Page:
"My brother was always at the helm of all things social in a sense," Rich says. "He was the center and everyone would come in, and Chris would take up all the air in the room. Early on, he and Marc Ford had met, and Chris wanted to bring Marc onboard. So he did and everyone loved Marc's playing and it was great, but Marc and I never got to talk or hang out, because there was always this filter—my brother—in the room. So for the first time, we're really getting a chance to hang out and talk, and get to know one another without that filter."
Meanwhile, having only recently started playing with Eddie Harsch again, it came as a crippling blow when he passed away 10 months ago. Rich says that the keys-man was super-excited with the way that they were playing together, a fact that actually helped them as they decided to keep going.
"He was playing so beautifully, it was crazy," Rich says. "But we had Matt [Slocum] and Matt could cover everything, so we decided to move forward, really more for Ed than us. Let's keep doing this, and part of this will be part of Ed's memory."
The Magpie Salute is in an interesting place right now. The set is made up of Black Crowes songs, plus tunes from the solo careers of Rich Robinson and Marc Ford, and a few covers. There isn't a Magpie Salute studio album of original material yet, but a self-titled album recorded live in front of an audience in the studio was released in June, almost entirely composed of Black Crowes songs and covers. The only exception is the one full studio cut, "Omission." So what we have is old songs given the spit and polish treatment, shaken up a bit, and taken out for an airing. And it's working.
"The cool thing about it is it encompasses old and new," says Rich. "Marc and I have our thing. We have our sound. Sven brings his sound. But then Joe [Magistro] is different drummer than Steve [Gorman]. Then you throw John Hogg in the mix who's not Chris, he's not trying to be Chris, he has his own brilliance, and he's showcasing that. All of those things bring a new sound to the old sound. That's what's cool about it. People are saying that it sounds fresh. They're hearing the songs they love and grew up with but there's an excitement to them."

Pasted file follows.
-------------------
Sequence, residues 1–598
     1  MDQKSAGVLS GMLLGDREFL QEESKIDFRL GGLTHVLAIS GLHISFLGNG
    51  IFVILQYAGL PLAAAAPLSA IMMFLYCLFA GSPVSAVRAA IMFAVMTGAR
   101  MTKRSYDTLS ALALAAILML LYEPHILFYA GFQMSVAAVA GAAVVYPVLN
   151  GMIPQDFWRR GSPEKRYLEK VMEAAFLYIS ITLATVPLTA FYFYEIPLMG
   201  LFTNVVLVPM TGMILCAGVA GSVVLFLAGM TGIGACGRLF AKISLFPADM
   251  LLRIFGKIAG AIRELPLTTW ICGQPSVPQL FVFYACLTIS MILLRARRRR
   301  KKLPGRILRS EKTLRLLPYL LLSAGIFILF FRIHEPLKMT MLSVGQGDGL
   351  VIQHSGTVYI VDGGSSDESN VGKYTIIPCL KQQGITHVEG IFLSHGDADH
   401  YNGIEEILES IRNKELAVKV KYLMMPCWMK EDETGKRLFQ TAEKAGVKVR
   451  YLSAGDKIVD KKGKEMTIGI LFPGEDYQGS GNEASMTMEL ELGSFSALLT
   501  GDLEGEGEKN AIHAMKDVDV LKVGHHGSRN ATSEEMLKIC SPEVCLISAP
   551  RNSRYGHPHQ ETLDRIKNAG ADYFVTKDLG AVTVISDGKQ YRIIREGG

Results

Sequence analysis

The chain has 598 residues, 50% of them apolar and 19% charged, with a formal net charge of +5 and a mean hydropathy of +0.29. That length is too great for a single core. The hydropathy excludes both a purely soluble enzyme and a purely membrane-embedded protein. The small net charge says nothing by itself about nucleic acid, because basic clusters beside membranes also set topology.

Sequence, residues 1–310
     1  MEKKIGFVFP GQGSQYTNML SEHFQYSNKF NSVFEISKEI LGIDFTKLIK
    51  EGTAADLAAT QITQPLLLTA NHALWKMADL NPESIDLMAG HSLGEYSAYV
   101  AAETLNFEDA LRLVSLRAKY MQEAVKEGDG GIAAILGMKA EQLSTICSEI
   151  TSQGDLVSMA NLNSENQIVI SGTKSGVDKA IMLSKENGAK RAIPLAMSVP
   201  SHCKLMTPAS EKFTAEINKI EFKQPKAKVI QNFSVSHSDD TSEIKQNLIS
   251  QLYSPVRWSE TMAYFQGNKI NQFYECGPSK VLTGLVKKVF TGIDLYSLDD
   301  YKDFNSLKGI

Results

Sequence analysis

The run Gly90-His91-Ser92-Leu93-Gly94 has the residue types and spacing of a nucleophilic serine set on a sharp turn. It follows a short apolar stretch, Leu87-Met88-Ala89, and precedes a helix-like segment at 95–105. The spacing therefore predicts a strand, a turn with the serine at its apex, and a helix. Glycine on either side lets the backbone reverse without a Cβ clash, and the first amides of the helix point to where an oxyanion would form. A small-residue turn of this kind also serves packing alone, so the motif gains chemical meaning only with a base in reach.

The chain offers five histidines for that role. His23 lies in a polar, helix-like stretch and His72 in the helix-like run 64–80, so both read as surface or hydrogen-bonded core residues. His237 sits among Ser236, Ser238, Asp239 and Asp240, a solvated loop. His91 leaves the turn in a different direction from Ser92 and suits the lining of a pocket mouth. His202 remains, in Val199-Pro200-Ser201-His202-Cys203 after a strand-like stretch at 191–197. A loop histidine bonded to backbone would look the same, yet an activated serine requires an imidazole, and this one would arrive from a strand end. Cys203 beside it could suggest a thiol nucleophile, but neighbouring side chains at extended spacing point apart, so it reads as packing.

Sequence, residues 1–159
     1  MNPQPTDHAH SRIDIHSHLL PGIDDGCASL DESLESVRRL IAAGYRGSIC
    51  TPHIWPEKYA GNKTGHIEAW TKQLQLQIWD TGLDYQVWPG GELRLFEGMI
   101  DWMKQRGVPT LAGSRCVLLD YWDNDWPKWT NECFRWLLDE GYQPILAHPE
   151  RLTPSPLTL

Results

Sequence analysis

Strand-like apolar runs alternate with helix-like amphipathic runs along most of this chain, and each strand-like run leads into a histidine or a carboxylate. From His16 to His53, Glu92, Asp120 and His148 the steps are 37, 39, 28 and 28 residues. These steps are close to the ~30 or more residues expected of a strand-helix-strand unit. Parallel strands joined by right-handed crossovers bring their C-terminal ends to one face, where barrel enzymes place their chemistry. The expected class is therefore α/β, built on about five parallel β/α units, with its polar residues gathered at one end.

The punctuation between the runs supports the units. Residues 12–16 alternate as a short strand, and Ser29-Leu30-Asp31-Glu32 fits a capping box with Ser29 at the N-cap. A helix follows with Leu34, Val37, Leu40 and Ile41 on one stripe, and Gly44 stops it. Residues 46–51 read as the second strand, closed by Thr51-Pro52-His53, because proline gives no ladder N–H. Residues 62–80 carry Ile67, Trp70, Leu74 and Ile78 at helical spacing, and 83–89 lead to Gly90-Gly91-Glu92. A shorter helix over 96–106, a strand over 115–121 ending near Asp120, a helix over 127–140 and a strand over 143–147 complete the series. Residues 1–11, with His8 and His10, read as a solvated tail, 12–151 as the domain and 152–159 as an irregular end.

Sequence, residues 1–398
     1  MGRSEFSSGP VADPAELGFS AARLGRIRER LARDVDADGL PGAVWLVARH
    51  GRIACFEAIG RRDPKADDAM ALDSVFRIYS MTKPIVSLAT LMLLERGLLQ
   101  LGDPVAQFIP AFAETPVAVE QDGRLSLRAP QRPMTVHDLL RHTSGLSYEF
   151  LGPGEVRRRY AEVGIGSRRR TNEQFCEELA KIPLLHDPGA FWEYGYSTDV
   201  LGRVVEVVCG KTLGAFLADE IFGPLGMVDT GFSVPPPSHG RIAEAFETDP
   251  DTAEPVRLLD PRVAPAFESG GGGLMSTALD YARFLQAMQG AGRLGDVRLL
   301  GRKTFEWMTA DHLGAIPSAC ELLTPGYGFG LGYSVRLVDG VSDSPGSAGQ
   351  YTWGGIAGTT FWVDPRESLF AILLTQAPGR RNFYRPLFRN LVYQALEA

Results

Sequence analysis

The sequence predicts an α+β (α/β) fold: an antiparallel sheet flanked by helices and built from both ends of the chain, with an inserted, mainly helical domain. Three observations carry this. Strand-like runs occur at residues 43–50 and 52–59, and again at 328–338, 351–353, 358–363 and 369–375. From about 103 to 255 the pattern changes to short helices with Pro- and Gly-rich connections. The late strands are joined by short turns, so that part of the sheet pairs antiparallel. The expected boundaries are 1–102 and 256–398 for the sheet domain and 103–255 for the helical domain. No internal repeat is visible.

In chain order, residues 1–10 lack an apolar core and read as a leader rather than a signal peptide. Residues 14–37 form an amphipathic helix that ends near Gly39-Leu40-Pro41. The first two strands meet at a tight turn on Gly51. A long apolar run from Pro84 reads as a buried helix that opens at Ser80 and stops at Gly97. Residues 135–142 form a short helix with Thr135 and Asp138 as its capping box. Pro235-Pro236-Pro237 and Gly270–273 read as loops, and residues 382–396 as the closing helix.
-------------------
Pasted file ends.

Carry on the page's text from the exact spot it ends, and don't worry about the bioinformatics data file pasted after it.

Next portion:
That's all well and good. We get it. But surely, when all is said and done, family is family. Blood is thicker than water and all that. If simply to avoid awkward Thanksgiving dinners, Rich must miss performing and writing with Chris.
"I miss playing with him maybe 10 to 15 years ago," Rich says. "Playing with him on the later tours, post 2007, it just became less and less pleasant. It was always a fight, it was always getting involved with these things that I just wasn't interested in. I wanted to write music. It became so contentious, and his ego, in my opinion, blew up. Also, where he wanted to go and where I wanted to go—for me, being the Black Crowes, we were unique. Trying to be a watered down Grateful Dead band is not unique in any way, shape or form. That was a bummer. He and I have a thing. When we play together it's great. It could be great. But when it's bogged down in all this other horseshit, it's not."
Ultimately, it all comes down to comfort and contentment. Rich Robinson says that he's having more fun right now than he has since touring the Crowes' 1990 debut Shake Your Money Maker. That's astounding, but it offers an insight into why this band is so important to him. They hit the studio in January to start work on a "real" studio album, and that's when we'll really find out what happens when an angsty crow turns cheery magpie.